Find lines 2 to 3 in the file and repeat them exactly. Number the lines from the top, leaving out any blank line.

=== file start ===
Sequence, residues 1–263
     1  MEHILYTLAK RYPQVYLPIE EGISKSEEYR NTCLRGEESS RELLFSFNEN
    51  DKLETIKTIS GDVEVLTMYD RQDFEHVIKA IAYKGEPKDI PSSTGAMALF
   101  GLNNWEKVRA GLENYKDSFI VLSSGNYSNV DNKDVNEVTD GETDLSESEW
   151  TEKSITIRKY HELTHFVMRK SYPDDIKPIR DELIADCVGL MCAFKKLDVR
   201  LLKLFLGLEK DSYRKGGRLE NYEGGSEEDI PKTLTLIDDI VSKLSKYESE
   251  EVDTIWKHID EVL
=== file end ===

     1  MEHILYTLAK RYPQVYLPIE EGISKSEEYR NTCLRGEESS RELLFSFNEN
    51  DKLETIKTIS GDVEVLTMYD RQDFEHVIKA IAYKGEPKDI PSSTGAMALF